PORT MORESBY, 10 SEPTEMBER 2021 (THE NATIONAL)—Eight people died from Covid-19 in Papua New Guinea’s Western Province the past week and National Pandemic Response deputy controller Dr Daoni Esorom says it is “highly likely” to be Delta-variant-related.

The grim news comes a week after an outbreak of 22 cases of the highly infectious and deadly Delta cases were revealed in Western on 01 September. Delta was first reported in Western with 12 cases on 18 August and the infections shot up to 30 on 01 September.

While samples of the then 79 new Covid-19 cases have been sent to Australia for genome sequencing to determine if any of the infection was Delta and awaiting results, Western reported 14 new infections on Wednesday.

And the two hospitals in the province – Tabubil and Kiunga – are inundated with Covid-19 patients.

Esorom said: “The situation in Western is quite frightening and the cases will continue to go up. The hospitals are full with patients.”

Also, the border provinces of West Sepik and Western are experiencing a spike in Covid-19 cases with 30 new infections reported on Wednesday.

A total of 43 new cases were reported in Papua New Guinea (PNG) on Wednesday – West Sepik (20), Western (14), the National Capital District (five), East New Britain (two), Enga and Southern Highlands (one each).

Dr Esorom said to date 14 Covid-19 deaths were reported in the Ok Tedi Mine area of Tabubil in North Fly – six of the deaths were reported earlier and eight after the Delta surge.

He said samples of the recent tests were taken which would be sent for genome sequencing to confirm whether they were Delta cases.

“There is a high possibility of the cases being Delta because of the current surge and the behaviour of Delta variant which was affecting the younger population, a typical symptom,” he said.

“The Tabubil Hospital is full.

“The Kiunga Hospital was full last week (and) they are just recovering now. But, I am pretty sure the cases will go up.

“We had a consultation with the extractive industry this morning and I could not believe the statistics that the Ok Tedi general manager presented. It is quite frightening what is happening in Western and I am pretty sure it is going to be the same in West Sepik, the National Capital District and many other provinces that are not adhering to the public health protocol measures.

“A team is on the ground identifying the requirements of the Western Provincial Health Authority and Ok Tedi.”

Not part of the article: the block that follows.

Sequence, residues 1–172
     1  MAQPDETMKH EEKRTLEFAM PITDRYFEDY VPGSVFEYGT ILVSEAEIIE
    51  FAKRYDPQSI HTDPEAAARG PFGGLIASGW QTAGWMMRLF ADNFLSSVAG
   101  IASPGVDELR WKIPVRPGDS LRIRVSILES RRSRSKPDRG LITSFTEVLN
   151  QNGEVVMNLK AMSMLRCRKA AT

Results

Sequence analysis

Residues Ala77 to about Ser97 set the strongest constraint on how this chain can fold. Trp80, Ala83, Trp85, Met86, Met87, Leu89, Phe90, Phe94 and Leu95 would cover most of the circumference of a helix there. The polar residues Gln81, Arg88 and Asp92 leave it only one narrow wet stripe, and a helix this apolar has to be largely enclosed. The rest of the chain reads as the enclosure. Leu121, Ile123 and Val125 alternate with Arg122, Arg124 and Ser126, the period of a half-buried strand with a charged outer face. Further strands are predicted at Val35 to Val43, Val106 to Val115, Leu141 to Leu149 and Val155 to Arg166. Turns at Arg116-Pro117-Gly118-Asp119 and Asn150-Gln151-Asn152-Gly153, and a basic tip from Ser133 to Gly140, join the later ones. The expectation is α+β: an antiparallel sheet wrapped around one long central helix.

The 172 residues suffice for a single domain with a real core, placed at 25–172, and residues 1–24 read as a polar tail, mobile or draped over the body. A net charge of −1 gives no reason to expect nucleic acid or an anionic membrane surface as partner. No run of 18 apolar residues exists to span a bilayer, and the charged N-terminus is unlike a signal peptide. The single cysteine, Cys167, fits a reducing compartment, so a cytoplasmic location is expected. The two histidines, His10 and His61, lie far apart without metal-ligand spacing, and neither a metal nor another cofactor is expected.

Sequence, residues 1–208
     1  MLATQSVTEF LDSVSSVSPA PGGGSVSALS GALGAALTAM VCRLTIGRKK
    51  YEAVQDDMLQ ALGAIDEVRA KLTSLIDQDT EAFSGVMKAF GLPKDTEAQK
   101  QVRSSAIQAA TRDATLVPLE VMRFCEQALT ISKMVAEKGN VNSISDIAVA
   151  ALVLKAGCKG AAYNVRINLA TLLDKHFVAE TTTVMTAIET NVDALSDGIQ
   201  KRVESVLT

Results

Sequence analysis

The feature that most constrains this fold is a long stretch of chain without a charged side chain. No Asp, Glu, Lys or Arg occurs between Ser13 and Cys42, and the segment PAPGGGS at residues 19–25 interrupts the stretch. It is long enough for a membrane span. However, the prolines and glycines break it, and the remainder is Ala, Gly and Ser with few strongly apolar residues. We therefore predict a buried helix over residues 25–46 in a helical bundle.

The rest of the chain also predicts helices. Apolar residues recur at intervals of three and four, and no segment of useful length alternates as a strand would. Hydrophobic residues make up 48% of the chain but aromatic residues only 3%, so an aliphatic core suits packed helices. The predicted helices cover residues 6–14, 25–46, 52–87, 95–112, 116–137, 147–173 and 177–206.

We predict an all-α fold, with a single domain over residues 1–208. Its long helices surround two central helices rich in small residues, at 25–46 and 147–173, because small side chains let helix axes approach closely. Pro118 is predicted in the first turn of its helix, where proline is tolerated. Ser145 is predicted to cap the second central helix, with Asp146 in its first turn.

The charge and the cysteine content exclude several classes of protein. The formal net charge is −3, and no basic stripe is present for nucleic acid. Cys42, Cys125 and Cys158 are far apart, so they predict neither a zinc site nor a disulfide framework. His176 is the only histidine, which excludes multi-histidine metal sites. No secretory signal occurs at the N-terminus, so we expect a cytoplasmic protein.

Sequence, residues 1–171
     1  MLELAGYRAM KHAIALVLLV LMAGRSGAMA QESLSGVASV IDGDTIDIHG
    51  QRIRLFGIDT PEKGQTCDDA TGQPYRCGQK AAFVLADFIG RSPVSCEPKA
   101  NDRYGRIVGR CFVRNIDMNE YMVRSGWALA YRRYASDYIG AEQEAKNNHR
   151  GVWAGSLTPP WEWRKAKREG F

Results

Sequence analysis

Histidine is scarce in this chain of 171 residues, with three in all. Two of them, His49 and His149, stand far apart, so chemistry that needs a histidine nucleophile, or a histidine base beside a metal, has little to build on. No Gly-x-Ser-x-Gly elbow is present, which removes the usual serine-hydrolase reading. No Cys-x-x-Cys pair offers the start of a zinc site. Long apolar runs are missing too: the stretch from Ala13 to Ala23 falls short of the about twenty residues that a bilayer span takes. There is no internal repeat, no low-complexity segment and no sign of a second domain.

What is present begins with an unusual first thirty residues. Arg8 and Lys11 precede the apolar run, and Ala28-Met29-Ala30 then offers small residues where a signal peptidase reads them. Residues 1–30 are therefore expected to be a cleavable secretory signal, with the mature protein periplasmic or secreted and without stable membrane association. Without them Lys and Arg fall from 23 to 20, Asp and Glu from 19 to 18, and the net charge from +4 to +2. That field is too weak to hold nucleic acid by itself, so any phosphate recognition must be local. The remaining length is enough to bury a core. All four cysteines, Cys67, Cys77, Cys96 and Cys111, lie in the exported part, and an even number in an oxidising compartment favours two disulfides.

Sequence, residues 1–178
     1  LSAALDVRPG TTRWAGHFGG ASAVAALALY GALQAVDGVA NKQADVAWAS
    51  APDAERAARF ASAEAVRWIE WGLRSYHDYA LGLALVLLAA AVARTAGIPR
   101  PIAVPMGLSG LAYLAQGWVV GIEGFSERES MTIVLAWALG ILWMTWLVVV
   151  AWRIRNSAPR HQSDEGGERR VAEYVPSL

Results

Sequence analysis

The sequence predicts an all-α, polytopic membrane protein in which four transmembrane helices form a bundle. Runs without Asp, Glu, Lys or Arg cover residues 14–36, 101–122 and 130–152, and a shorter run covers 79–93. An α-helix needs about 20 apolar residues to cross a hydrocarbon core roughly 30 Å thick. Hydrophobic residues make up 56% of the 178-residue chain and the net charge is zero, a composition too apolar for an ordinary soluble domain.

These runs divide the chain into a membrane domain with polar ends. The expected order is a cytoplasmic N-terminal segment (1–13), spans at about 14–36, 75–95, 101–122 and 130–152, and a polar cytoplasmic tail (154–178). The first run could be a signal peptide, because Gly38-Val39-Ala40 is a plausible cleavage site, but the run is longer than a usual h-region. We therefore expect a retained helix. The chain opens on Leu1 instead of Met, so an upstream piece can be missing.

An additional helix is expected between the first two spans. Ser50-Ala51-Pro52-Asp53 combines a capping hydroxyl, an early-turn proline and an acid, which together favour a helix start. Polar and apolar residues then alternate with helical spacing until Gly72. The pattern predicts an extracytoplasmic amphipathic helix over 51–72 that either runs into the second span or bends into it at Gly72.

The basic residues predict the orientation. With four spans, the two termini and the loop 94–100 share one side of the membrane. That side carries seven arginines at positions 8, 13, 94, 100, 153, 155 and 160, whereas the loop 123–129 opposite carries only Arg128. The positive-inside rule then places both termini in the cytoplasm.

Dr Esorom said a team from the National Control Centre (NCC) was in West Sepik and an emergency medical team would be leaving in two days for West Sepik which was also experiencing a surge in Covid-19 cases which could also be related to the Delta variant.

Dr Esorom said the phylogenic analysis of cases have shown that the Delta cases from the NCD (from the Grand Tajima Ship), Western and Madang were all related to Delta from Indonesia’s West Papua.

“We can now confirm that our cases in Papua New Guinea came across the border,” he said.

“This is why we keep on saying that international 600-700km is supposed to be closed – yet our people from Western and East Sepik continue to cross the border and this is what we get.

“We are trying our best despite the challenges.

“There will come a time when we will not have the capacity – so the public health authorities must step up.

“Provinces should not depend on NCC alone but gather resources to have their response going.

“Currently, the five provinces having a surge in cases include Western, West Sepik, NCD, Eastern Highlands and Manus.”

Meanwhile, more than 70 education officers, who attended a week-long conference in Westen last week, returned to Port Moresby without being tested for the Covid-19.

Education Minister Jimmy Uguro, who went with the team, told The National that he flew out of the province before the announcement made by National Pandemic Response Controller David Manning.

An officer from the Education Department said the team stayed for a week and returned to Port Moresby.

He said they were not tested but only had their temperature checked at the airport.

The officer said they were told that Manning would call them in for testing if needed.

The participants comprised provincial education advisers, representatives from key government departments and agencies, Office of Libraries and Archives, Teaching Service Commission, Education Department officials, Church education agency representatives.

The conference was held in Kiunga’s New Century Hotel to discuss the implementation of the National Education Plan 2020-2029.

However, when the team was in Western, Manning said any traveler from Western must be tested negative for Covid-19 before they could leave the province.

Earlier, Manning said the tests had to be made mandatory after 22 Delta cases were confirmed in Western and that there was a high chance of a severe outbreak (or surge) of Delta in the province.

“New directives (control measures) will be out soon,” he said.

“The directives will be for those at border provinces to be tested, now that there is a surge of the Covid-19 cases there.”

The authorities believe the Delta attack in Western is due to border crossings to Indonesia (West Papua) and back to Papua New Guinea.

Currently, some of the officers who were in Western are now in Jiwaka for another programme…..PACNEWS

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